Computers are slower than in the 80s
He said that “almost everything on computers is perceptually slower than it was in 1983”. I agree.
This post is a small excerpt of a really interesting Twitter rant by @gravislizard(*) on how broken computer interfaces are today.
In the 90s…
Amber-screen library computer in 1998: type in two words and hit F3. search results appear instantly.
Now: type in two words, wait for an AJAX popup. get a throbber for five seconds. oops you pressed a key, your results are erased
The entire field of web apps ignores 100% of learned lessons from desktop apps. [For example], once the data’s up on the screen, you can’t add to it. which is one of the core functions of computers, generally. One of the primary reasons computers were created was to cross reference data. that is nearly impossible in most software now.
Data in webpages in 2017 is distressingly fragile. go to Google Maps and try and find an action that doesn’t erase what you’re doing. You are, literally, better off taking a screenshot of the map, dropping it in ms paint and manually plotting there.
In 1998 if you were planning a trip you might have gotten out a paper road map and put marks on it for interesting locations along the way: with online maps you CAN do that, but the entire process is built assuming you already know everywhere you’re going.
And everything on computers is like this. It’s just How It Is now. You can’t fail quickly and iterate.
The mouse? A crime
[The mouse is] stifling humanitys progress, a gimmick we can’t get over. The mouse is inappropriate for almost everything we do.
Mouses are for rapidly navigating through a complex and unstructured set of objects, like an app with dozens of options and input types
When computers used interfaces like these they were lightning fast, universally.
Many cashiers still use such interfaces. Look at them, next time you go shopping: Blinding speed… even the new people, [exactly because] the mouse is not being used.
Why mouses are terrible for many basic computer tasks
Keyboards present fewer possible discrete options. Mice present a continuum. One can be operated blind; the other requires feedback. You cannot use a mouse without using your eyes to confirm everything.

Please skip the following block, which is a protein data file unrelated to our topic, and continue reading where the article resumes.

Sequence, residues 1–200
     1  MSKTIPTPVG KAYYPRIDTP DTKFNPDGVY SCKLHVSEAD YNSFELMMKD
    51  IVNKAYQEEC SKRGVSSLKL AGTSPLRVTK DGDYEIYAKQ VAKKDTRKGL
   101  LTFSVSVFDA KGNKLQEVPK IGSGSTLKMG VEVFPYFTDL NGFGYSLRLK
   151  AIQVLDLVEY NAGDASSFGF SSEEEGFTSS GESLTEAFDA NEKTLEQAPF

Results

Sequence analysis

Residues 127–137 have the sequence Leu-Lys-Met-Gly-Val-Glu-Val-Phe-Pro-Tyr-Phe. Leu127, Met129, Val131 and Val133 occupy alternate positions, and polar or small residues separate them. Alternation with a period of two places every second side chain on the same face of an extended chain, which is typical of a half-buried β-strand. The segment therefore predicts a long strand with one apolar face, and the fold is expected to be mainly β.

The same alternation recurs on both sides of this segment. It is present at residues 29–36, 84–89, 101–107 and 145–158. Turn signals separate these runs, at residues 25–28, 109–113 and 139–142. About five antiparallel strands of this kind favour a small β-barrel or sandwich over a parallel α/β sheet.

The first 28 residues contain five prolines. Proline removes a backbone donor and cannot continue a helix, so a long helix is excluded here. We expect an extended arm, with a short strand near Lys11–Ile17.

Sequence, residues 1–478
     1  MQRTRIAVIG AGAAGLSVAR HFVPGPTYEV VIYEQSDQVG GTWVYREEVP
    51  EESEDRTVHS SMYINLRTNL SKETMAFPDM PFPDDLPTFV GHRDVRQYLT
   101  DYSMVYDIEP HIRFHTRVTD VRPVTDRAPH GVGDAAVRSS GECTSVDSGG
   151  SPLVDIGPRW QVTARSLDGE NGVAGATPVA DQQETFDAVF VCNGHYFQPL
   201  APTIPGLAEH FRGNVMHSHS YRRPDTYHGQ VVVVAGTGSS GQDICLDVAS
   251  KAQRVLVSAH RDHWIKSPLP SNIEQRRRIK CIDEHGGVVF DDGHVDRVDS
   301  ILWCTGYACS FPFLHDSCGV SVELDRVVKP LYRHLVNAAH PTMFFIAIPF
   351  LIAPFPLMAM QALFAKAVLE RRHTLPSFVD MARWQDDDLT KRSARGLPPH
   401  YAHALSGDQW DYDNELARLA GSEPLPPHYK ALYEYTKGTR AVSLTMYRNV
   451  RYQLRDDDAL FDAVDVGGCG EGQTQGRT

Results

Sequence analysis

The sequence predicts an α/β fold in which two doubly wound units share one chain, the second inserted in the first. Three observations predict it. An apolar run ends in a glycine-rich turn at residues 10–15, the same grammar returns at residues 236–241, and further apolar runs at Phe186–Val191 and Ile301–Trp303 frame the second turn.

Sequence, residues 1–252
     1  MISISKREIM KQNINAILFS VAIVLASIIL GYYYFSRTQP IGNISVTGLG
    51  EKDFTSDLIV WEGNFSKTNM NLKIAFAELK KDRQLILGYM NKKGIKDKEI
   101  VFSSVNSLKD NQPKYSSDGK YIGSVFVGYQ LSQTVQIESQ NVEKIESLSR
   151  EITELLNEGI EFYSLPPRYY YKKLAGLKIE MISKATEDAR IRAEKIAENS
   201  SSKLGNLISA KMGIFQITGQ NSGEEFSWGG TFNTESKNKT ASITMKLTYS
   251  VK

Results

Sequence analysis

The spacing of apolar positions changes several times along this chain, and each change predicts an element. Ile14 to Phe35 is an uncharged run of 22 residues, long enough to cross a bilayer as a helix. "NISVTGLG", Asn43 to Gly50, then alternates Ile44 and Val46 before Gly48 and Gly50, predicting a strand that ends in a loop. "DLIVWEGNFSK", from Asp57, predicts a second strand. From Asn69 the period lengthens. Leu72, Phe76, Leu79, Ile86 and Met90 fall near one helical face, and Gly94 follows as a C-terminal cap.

[On a text-based interface, instead, everything] is incredibly fast. Once they have made a minimum of practice with it, the users of such interfaces don’t have to stop for every action and figure out what they’re doing time and time again. It’s all muscle memory.
Part of the reason for this is that the entire keyboard gets used, [instead of just one mouse pointer plus 2⁄3 buttons].
What a waste of resources
The author of that thread is “upset by the way that computers disenfranchise non-nerds” and (like me, for the record) dose not believe in “intuitive”. Here is what he said about this, and I agree:
- The belief that GUIs are more intuitive is marketing for GUIs.
- GUIs are in no way more intuitive than keyboard interfaces using function keys… Nor do they need to be.
- Well designed keyboard interfaces and well designed GUI interfaces have exactly the same learning curve
I agree with @gravislizard, and just like him I do not think that “we should do without mouses and graphical interfaces”. But we should, for each class of computer tasks, have the interface that makes it easier and quicker. Not the ones pushed by marketing and inertia. Of course, all this also applies to tablets, smartphones and touch screens in general. In this period, I have to teach how to use wikis to students that must use iPads, and I am appalled by how painful it is to type more than a password on those gadgets. It really is no better than 1983.
(*) the thread is also (so far…) available on ThreaderApp
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